When Painting, Planning Pays Off

brain cancer genes immunity indoor air interior design lungs Nov 28, 2017

by Angela Cummings and Sophia Ruan Gushée


One of the easiest and least expensive ways to freshen up a room is to paint the walls. However, paint can pollute indoor air. Below are tips to help protect both your health and your finances. 

Detox Your Painted Walls

Three key things to consider when selecting safer paints are lead, VOCs, and HAPs.


While the US banned lead from house paint in 1978, lead is still found in the painted walls of older homes. And this still contributes to childhood lead poisoning. In fact, an estimated $43 billion is spent on medical and societal costs related to childhood lead poisoning in the U.S., according to Sophia Ruan Gushee’s A to Z of D-Toxing.(1)

No amount of lead is safe for children. Lead can affect all organs, lower IQ, and reduce attention spans among other health challenges.(2)


Volatile organic compounds (VOCs) is a category of compounds that pose human health risks. For example, the two below are commonly found in paint products.

  • Benzene: may cause leukemia, breast cancer, lymphatic cancer and damage chromosomes(3)
  • Formaldehyde: may affect immune system, respiratory system and cause cancer(4)

VOCs can off-gas in the home and contribute to poor indoor air quality. However, most people don't realize that VOCs were studied and regulated mainly for their effects on the outdoor environment: their ability to create ozone and contribute to smog. But, low- and zero- VOC paint products have been interpreted as safer choices for the indoor environment. They may be, but, VOCs have, historically, not been studied for human health impact.

We now know that certain VOCs do pose health concerns.


Hazardous Air Pollutants (HAPs), on the other hand, have been studied for their effects on human and environmental health. According to a report by the Colorado Department of Public Health and Environment, HAPs have been known to cause headaches, dizziness, difficulty breathing, increased risk of cancer, birth defects, and other harmful effects. As of a 2014 report, the EPA had a list of 188 HAPs.

For how long does paint off-gas?

Most off-gassing occurs when paint is freshly applied. However, VOCs can continue to off-gas for up to 3 ½ years.(5) 

Reduce VOCs When Painting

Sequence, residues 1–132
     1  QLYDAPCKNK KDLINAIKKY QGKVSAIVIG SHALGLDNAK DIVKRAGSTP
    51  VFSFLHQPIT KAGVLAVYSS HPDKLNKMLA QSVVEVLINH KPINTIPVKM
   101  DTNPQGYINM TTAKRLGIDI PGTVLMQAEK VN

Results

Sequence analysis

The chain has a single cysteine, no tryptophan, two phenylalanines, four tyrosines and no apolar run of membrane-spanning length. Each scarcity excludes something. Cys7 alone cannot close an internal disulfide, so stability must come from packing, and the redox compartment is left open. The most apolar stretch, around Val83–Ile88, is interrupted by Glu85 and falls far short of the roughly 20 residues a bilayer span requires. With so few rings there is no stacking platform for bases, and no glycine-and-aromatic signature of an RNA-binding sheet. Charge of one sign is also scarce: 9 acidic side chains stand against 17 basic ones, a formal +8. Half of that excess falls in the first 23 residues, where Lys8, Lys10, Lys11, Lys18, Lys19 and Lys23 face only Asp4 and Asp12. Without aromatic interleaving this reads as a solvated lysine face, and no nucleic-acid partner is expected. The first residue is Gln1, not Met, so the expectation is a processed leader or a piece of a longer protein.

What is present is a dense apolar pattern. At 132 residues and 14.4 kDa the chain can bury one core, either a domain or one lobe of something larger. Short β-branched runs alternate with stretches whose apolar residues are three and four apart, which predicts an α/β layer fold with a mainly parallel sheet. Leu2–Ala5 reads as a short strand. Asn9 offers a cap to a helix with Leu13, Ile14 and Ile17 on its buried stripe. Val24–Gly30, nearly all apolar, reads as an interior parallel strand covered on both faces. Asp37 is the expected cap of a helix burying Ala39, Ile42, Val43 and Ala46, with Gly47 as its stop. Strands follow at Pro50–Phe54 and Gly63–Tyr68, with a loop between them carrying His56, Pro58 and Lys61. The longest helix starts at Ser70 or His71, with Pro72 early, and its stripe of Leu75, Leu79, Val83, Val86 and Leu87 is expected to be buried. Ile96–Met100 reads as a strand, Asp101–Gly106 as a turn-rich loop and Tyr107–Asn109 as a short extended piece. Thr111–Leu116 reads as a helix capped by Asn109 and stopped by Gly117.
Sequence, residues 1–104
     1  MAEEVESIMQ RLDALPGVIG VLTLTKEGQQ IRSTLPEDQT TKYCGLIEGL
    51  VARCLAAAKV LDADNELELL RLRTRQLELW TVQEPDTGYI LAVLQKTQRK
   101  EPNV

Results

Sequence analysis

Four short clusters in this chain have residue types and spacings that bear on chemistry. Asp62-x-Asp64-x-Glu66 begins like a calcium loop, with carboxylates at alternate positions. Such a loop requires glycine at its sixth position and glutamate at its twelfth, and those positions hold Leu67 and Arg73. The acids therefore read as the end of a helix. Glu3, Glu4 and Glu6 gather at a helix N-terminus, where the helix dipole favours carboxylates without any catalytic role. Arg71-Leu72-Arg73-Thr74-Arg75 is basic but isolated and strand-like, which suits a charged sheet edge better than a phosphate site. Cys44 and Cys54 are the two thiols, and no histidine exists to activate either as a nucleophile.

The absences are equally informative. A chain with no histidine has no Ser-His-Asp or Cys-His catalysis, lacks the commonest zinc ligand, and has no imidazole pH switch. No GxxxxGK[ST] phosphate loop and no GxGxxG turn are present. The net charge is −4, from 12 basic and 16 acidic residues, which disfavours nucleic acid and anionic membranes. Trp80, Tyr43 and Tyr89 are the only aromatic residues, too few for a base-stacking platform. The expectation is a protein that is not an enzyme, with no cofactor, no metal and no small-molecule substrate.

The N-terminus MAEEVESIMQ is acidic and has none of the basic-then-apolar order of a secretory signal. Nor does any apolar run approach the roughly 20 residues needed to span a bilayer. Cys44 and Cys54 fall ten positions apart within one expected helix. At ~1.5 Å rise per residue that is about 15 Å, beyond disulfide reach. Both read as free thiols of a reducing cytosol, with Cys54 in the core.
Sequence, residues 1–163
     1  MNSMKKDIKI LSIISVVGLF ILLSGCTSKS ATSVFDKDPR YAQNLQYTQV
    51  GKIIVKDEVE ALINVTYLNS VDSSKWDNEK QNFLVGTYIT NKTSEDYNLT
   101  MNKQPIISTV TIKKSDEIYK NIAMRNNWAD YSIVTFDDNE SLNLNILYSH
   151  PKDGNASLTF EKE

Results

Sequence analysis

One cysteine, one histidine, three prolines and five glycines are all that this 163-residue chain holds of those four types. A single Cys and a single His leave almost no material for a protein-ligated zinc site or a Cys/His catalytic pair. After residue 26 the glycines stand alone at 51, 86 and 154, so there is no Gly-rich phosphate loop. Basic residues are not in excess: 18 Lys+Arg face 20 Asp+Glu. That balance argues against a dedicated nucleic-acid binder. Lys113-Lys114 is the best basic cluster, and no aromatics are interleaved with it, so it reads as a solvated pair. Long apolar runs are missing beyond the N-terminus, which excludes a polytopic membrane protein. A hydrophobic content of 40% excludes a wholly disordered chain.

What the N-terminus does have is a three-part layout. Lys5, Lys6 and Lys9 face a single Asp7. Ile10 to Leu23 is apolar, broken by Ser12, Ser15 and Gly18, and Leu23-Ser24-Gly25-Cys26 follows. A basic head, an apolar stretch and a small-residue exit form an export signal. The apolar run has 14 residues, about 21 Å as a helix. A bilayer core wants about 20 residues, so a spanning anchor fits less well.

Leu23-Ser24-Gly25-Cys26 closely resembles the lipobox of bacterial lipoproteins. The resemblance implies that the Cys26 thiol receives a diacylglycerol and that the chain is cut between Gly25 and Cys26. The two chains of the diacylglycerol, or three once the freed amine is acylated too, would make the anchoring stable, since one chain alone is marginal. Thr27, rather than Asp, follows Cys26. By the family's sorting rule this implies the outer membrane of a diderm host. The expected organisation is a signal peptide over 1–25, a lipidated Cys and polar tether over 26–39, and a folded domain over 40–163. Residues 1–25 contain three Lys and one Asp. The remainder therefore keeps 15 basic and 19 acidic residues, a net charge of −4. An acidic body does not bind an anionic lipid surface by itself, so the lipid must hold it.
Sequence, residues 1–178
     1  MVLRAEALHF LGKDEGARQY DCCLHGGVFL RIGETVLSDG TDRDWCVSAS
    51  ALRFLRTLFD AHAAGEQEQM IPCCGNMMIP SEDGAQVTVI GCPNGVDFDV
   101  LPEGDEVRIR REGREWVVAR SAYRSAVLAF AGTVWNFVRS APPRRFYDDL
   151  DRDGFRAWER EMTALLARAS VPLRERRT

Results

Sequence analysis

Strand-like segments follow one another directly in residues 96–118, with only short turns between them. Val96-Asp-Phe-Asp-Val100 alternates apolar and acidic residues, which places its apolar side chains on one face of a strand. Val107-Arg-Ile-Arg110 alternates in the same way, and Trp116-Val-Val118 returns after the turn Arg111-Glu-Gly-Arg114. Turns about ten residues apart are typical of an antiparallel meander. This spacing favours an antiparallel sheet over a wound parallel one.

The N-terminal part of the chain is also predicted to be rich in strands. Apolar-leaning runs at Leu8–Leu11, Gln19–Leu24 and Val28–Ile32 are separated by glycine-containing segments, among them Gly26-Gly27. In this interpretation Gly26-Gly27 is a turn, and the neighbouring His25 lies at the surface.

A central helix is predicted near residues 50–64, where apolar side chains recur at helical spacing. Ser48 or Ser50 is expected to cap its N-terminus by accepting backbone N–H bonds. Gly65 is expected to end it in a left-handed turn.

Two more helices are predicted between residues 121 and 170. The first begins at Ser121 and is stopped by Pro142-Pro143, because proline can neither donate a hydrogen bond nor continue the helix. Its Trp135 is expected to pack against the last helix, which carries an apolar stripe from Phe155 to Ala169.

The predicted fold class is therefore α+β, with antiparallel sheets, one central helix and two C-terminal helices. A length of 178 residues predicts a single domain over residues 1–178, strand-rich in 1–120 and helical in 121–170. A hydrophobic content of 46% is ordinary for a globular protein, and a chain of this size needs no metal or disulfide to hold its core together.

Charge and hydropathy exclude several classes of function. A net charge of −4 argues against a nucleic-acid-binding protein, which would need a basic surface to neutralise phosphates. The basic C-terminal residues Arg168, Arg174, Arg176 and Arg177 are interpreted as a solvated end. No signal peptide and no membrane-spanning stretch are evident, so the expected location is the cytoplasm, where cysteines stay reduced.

The tips below should help reduce the number of VOCs in your home:

  • Seek paints that are low in VOCs and HAPs. Paints with zero- or low- VOCs are most likely better than conventional paints, but it's still hard to know. Beware of products that claim that their paint products contain no emissions. That's most likely impossible. Look at the Material Safety Data Sheet (MSDS), which won't tell you the whole story but it will at least help you avoid known toxicants.
  • Fresh Air. Open windows to allow fresh air into the house, both in the room you’re painting and throughout the house. Having a good cross breeze helps to circulate the fresh air throughout the house and rid toxic air faster.
  • Ventilate. For as long and often as you can, continue to facilitate ventilation and fresh air exchange.
  • Old Homes. Use caution when preparing or painting homes built before 1978.(6) Lead was prominent in paints back then and can remain on the interior or exterior walls. Removing peeling paint can stir up lead-filled paint and be toxic to people of all ages, especially young children who are notorious for putting hands or objects into their mouth. Investigate painters certified in lead paint removal, and check their references.
  • Calculate Carefully. Calculating the amount of paint you’ll need can save money and storage space, and reduce your exposure to VOCs from the leftover paint. Buy only the amount of paint that you need to complete the project. Read the product label for the manufacturer’s suggested coverage calculations.
  • Pay Attention. Be aware of how your body is reacting to paints. Indicators such as feeling dizzy, nauseous, or lightheaded may be a sign that your body needs fresh air. Even manufacturers of low VOC paint suggest having adequate ventilation. Pay attention to what your body is telling you and take steps to stay healthy when doing painting projects.